FarmPolicy

October 13, 2019

FarmPolicy.com Monday News Update

Recall that earlier this month, USDA updated its U.S. Farm Sector Income Forecast and noted that, “Net farm income is forecast to be $73.6 billion in 2015, down nearly 32 percent from 2014’s forecast of $108 billion. The 2015 forecast would be the lowest since 2009.”

Scott Irwin, an agricultural economist at the University of Illinois at Urbana-Champaign, noted that, “It’s neither happy times nor is the sky falling in terms of agriculture incomes.”

However, Reuters news published a disconcerting article on Monday which stated that, “Across the U.S. Midwest, the plunge in grain prices to near four-year lows is pitting landowners determined to sustain rental incomes against farmer tenants worried about making rent payments because their revenues are squeezed.”

The article noted that, “Some grain farmers already see the burden as too big. They are taking an extreme step, one not widely seen since the 1980s: breaching lease contracts, reducing how much land they will sow this spring and risking years-long legal battles with landlords.”

Meanwhile, a separate Reuters article over the weekend focused on the issue of genetically modified crops in India.

Details on these two Reuters articles can be found at FarmPolicy.com.

The Wall Street Journal reported on Monday that it will “likely take months for the backlog to clear” at West Coast Ports after this weekends resolution of the labor dispute there.  Labor Secretary Tom Perez discussed his role in resolving the dispute Monday morning on MSNBC and CNBC television.

Monday’s papers also included a look at the ongoing budget showdown regarding the Department of Homeland Security. The impetus for the dispute stemmed from executive branch action on immigration policy.  Meanwhile, a subsequent federal court ruling temporarily stopping executive branch implementation of the that policy has added to the complexity of how to resolve the dispute.

An article on the front page of Monday’s Wall Street Journal noted that, “Senate Republicans, still mulling their options, are most likely to end up supporting a short-term extension of the agency’s current funding.” Also, Nathan Koppel reported today at The Wall Street Journal Online that, “The Obama administration on Monday asked a federal court to allow it to continue implementing the president’s immigration plan, which was temporarily blocked last week by a Texas judge.”

News with potentially negative implications for the Trans-Pacific Partnership trade negotiations and Japan unfolded on Monday.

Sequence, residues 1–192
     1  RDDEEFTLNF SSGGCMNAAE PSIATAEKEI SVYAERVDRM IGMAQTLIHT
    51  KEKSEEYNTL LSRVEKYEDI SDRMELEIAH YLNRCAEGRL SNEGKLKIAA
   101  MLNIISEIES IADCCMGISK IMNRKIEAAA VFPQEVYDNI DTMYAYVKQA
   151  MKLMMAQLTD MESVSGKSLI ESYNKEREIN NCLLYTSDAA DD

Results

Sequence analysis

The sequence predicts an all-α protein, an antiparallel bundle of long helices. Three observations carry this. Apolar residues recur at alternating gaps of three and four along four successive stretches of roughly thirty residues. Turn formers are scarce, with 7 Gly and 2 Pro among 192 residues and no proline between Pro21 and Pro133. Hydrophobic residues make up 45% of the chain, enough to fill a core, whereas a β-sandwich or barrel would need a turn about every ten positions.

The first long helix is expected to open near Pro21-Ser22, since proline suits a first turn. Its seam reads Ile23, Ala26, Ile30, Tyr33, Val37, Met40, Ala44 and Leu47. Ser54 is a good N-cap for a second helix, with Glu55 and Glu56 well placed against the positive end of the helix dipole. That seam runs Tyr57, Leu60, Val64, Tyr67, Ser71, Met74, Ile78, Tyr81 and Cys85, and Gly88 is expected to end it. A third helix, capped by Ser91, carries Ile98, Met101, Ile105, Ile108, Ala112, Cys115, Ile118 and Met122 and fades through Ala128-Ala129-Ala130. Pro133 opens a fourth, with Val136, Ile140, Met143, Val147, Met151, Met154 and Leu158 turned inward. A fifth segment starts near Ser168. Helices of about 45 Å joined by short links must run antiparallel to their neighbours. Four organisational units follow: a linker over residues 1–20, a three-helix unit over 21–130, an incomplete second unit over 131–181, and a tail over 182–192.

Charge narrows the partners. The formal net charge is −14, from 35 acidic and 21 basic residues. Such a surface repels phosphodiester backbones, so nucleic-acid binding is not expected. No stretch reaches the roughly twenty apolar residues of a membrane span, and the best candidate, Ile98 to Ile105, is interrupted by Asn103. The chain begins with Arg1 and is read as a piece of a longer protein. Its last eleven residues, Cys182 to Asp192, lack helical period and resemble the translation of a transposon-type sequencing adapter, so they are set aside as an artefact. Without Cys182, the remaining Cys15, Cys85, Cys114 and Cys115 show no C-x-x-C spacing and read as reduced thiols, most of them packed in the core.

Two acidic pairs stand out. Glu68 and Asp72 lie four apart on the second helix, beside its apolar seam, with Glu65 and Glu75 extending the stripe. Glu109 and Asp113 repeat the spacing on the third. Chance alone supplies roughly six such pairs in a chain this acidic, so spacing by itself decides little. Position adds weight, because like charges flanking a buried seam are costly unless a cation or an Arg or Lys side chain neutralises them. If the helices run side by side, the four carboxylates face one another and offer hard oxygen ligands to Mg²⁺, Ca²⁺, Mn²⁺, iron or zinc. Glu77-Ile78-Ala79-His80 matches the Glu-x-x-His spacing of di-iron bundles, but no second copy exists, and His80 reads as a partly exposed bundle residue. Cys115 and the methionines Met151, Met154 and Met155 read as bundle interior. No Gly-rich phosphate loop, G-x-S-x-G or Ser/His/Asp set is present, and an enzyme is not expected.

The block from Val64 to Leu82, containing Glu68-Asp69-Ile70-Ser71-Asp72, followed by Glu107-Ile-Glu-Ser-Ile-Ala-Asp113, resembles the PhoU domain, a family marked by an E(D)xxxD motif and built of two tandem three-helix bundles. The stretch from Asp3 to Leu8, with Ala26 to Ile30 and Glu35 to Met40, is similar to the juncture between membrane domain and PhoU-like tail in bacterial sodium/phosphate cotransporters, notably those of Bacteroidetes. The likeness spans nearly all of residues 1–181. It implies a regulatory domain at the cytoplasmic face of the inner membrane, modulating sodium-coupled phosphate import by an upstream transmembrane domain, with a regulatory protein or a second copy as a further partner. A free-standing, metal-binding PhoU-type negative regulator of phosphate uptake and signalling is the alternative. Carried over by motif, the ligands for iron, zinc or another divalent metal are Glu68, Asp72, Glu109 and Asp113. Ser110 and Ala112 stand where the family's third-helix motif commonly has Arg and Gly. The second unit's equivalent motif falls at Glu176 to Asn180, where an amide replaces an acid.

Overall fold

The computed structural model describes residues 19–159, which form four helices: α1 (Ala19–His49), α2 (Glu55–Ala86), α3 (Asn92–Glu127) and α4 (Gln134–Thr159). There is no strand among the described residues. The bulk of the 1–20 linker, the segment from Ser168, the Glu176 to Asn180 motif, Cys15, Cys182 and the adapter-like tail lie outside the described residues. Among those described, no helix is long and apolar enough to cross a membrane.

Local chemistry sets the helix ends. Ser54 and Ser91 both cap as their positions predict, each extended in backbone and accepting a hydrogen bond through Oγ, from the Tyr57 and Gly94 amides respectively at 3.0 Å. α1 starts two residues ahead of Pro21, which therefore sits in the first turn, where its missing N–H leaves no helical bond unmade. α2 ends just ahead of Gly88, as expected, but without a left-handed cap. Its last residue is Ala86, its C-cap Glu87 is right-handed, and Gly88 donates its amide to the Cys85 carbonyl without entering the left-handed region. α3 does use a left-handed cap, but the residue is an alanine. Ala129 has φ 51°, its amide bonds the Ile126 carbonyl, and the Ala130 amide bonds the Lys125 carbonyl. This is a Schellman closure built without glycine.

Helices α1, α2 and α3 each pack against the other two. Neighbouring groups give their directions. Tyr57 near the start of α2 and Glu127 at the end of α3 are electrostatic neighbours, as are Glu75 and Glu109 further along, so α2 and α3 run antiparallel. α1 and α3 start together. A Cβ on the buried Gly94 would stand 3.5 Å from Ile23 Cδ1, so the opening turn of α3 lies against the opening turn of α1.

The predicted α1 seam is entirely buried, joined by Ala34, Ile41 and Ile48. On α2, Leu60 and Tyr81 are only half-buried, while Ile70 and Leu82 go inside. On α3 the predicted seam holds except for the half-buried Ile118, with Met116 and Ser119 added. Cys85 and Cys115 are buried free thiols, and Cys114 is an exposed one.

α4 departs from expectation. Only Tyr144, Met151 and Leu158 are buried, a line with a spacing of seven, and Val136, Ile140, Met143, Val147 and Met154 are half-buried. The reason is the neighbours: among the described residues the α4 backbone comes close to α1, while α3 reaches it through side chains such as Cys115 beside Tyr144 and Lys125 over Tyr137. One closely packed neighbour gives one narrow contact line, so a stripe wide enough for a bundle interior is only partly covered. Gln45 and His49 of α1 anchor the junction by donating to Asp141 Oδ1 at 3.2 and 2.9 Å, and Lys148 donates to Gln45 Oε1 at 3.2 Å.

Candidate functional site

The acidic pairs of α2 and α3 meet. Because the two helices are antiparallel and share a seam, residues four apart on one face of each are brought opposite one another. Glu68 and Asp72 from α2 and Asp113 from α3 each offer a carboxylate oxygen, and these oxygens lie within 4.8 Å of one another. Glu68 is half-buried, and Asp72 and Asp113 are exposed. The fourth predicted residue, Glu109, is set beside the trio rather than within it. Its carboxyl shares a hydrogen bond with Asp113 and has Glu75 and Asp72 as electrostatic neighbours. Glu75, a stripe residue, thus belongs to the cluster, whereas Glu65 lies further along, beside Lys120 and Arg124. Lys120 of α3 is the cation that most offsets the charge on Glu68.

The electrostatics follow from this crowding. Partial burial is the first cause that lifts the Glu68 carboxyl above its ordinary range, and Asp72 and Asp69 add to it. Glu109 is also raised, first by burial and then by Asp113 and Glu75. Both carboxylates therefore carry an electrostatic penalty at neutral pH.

Robin Harding reported today at The Financial Times Online that, “Shinzo Abe, the Japanese prime minister, has lost an important ally on the Trans-Pacific Partnership trade deal after his agriculture minster resigned in a scandal over political donations.”

The FT article added that, “The resignation matters because Mr Nishikawa is a longstanding member of the LDP’s ‘agricultural tribe’. He acted as a firewall for Mr Abe against internal party critics on trade deals and farm reform.

“Negotiators are near a deal on the huge TPP agreement, and agricultural reform is one of Mr Abe’s top priorities this year, so the loss of Mr Nishikawa is a blow to the prime minister’s agenda.”

Also today at FarmPolicy.com is a summary of a recent USDA- Economic Research Service report highlighting agricultural trade issues with China, as well as a look at an ERS publication on wetlands and the Farm Bill.

Keith Good

Recent USDA Updates: Trade with China, and Farm Bill Issues

A recent report from USDA’s Economic Research Service (ERS) (“China’s Growing Demand for Agricultural Imports” ) indicated that, “China’s 2001 accession to the World Trade Organization lowered barriers to agricultural imports, and its economic growth has generated new demands for agricultural commodities. An agricultural trading relationship of mutual importance is developing between the United States and China. The United States accounted for over 24 percent of the value of China’s agricultural imports during 2012-13, a larger share than any other country. U.S. agricultural sales to China doubled from 2008 to 2012, reaching nearly $26 billion in annual sales. China has overtaken Japan, Mexico, and Canada to become the leading export market for U.S. agricultural products.”

“All of China’s leading suppliers of agricultural imports are countries richly endowed with land resources: the United States, Brazil, Australia, Canada, New Zealand, and Argentina. China has been importing more agricultural products from many of these countries, but the United States remains the leader,” the ERS report said.

The ERS report stated that, “Soybeans, other oilseeds, and fats and oils represent nearly half of China’s agricultural import value. Soybeans and other oilseeds are processed to extract oils, and the residual meal is used as a high-protein animal feed ingredient. China also imports fats and oils that are refined and manufactured into consumer oil products. China produces most of its own meat and dairy products, but imports of these products are also significant. The mix of agricultural imports is diver- sifying as China’s purchases of fruits, nuts, cassava, sugar, wine, breeding stock, and processed food imports rise.”

With respect to livestock, the ERS report indicated that, “China’s imports of meat and animal offal rose to over 2.5 mmt during 2013. Pork meat and offal are the largest types of meat imported…China’s imports of dairy products grew more than fourfold from 2008 to 2013, reaching 1.6 mmt.”

Farm Bill